“TCEQ is literally trying to do the bare minimum by throwing something over Google Translate,” Srivastava said.

However, the TCEQ leadership wanted to act quickly, even if all the details had not yet been worked out.

“Sometimes you have to fuel your ship with aspirations alone,” TCEQ Commissioner Bobby Janecka said during an August meeting when commissioners approved the rule.

TCEQ Commissioner Emily Lindley agreed. “Let’s not make perfect the enemy of good here,” Lindley said. “I hope that during implementation, the Office of the Executive Director will work hard to address many of the concerns we have heard.”

Amy Browning, an attorney in TCEQ’s environmental law practice, told attorneys during a public webinar on March 3 that TCEQ will consider criticisms raised by the public during the meeting, including potential problems with electronic translation services and calls for an extension of the definition of “vital”. Documents” to include toxicological risks. However, there is no formal procedure to oblige the agency to respond.


The Voice Access Plan is part of TCEQ’s agreement with EPA to take multiple actions rather than endure the rest of a lengthy civil rights investigation. The EPA continues to monitor the state agency’s efforts. Browning, TCEQ’s attorney, told attorneys on the March 3 conference call that EPA has already reviewed the agency’s voice access plan.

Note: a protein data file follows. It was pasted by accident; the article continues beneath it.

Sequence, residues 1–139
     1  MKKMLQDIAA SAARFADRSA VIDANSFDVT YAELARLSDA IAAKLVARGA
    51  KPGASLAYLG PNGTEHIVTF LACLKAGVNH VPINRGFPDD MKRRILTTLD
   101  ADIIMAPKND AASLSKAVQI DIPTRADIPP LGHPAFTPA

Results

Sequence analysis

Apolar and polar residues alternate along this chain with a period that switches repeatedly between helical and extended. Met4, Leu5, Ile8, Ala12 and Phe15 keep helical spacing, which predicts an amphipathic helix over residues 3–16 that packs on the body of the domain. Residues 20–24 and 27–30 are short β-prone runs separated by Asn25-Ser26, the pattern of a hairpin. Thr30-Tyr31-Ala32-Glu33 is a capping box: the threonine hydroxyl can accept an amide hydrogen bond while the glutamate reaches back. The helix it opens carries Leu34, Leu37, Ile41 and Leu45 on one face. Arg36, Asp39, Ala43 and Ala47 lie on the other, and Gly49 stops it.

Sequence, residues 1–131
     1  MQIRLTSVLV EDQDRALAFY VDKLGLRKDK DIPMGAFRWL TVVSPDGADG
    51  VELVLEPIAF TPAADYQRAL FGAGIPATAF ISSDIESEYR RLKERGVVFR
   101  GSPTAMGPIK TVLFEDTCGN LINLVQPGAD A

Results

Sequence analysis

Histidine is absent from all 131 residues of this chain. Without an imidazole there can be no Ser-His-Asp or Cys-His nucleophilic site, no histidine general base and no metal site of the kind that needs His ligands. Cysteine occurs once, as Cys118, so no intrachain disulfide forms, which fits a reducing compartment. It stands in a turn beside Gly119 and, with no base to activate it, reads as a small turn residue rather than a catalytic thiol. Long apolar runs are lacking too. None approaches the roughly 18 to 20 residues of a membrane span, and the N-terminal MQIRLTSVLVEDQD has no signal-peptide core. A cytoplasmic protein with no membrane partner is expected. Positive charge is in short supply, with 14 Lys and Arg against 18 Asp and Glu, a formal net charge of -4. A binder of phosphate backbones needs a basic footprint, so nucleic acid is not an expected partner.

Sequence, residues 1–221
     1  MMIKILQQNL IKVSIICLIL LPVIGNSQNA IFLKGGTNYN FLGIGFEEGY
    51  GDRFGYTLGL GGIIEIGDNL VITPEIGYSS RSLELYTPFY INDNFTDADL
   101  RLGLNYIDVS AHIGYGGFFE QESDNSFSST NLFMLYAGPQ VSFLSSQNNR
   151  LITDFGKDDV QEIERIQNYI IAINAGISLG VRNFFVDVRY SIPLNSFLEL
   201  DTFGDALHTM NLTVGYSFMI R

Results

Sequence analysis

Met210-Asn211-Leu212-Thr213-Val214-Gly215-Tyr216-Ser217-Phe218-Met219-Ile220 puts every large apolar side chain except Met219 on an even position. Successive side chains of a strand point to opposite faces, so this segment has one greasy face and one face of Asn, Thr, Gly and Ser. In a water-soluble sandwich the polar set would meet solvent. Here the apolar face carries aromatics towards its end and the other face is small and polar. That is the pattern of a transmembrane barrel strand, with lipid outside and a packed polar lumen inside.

Isabel Segarra Treviño, who helped file the 2019 civil rights lawsuit against TCEQ while working as an attorney for an environmental advocacy, said that during her five years as TCEQ’s attorney, she was often asked to do additional work as an interpreter because she was a was one of the few bilingual female lawyers.

“This situation is being repeated across Texas, where the agency has reason to believe it should be providing materials in Spanish, and it is not,” said Segarra Treviño, who is now Harris County’s assistant district attorney.

Segarra Treviño said language barriers go well beyond what TCEQ has even begun to consider in its policies.

“You don’t just need an interpreter, you need someone who can really delve into the technical aspects of these applications and provide culturally appropriate interpretation,” she said.

Separate phone lines were available in English and Spanish for the March 3 webinar, the first public meeting to solicit public input on the plan. Leticia Gutierrez, director of government relations and public relations at Air Alliance Houston, was on the English line and began making comments in Spanish: “Sí, buenas tardes, mi nombre es Leticia –” she began, but was quickly interrupted by the TCEQ moderator .

“I’ll stop you there,” Laurie Gharis, Chief Clerk of TCEQ. She explained that bilingual attendees could not speak Spanish when speaking on the phone in English.

“It’s better if you can join the Spanish line or speak English,” Gharis said.

In English, Gutierrez asked if she could speak both languages.

“I’d prefer one or the other,” Gharis said, then apologized. “We’re making the best of our systems, but they’re not quite perfect yet.”

The Texas Tribune is a nonprofit, nonpartisan media organization that educates and collaborates with Texans on public policy, politics, government and statewide issues.

Copyright © 2022 KTRK-TV. All rights reserved. According to US censuses, residents of Houston’s Manchester borough have limited English skills

Dais Johnston